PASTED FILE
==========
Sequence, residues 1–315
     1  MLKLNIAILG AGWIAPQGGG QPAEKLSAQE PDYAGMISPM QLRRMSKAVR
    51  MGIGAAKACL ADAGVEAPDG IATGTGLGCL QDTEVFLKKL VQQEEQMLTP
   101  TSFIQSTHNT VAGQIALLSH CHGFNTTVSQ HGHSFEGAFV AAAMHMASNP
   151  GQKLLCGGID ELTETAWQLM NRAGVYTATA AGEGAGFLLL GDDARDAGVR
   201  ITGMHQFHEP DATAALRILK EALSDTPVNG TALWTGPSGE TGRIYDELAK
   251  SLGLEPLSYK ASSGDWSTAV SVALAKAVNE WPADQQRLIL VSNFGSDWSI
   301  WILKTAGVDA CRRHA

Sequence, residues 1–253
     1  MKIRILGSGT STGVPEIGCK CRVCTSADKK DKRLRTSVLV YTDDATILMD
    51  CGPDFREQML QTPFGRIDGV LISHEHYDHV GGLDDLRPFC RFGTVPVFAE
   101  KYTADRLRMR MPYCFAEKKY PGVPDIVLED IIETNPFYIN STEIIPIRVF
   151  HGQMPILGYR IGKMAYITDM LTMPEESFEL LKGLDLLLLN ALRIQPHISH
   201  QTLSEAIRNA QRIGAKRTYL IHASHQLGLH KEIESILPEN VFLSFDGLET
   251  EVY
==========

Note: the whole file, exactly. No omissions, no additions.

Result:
Sequence, residues 1–315
     1  MLKLNIAILG AGWIAPQGGG QPAEKLSAQE PDYAGMISPM QLRRMSKAVR
    51  MGIGAAKACL ADAGVEAPDG IATGTGLGCL QDTEVFLKKL VQQEEQMLTP
   101  TSFIQSTHNT VAGQIALLSH CHGFNTTVSQ HGHSFEGAFV AAAMHMASNP
   151  GQKLLCGGID ELTETAWQLM NRAGVYTATA AGEGAGFLLL GDDARDAGVR
   201  ITGMHQFHEP DATAALRILK EALSDTPVNG TALWTGPSGE TGRIYDELAK
   251  SLGLEPLSYK ASSGDWSTAV SVALAKAVNE WPADQQRLIL VSNFGSDWSI
   301  WILKTAGVDA CRRHA

Sequence, residues 1–253
     1  MKIRILGSGT STGVPEIGCK CRVCTSADKK DKRLRTSVLV YTDDATILMD
    51  CGPDFREQML QTPFGRIDGV LISHEHYDHV GGLDDLRPFC RFGTVPVFAE
   101  KYTADRLRMR MPYCFAEKKY PGVPDIVLED IIETNPFYIN STEIIPIRVF
   151  HGQMPILGYR IGKMAYITDM LTMPEESFEL LKGLDLLLLN ALRIQPHISH
   201  QTLSEAIRNA QRIGAKRTYL IHASHQLGLH KEIESILPEN VFLSFDGLET
   251  EVY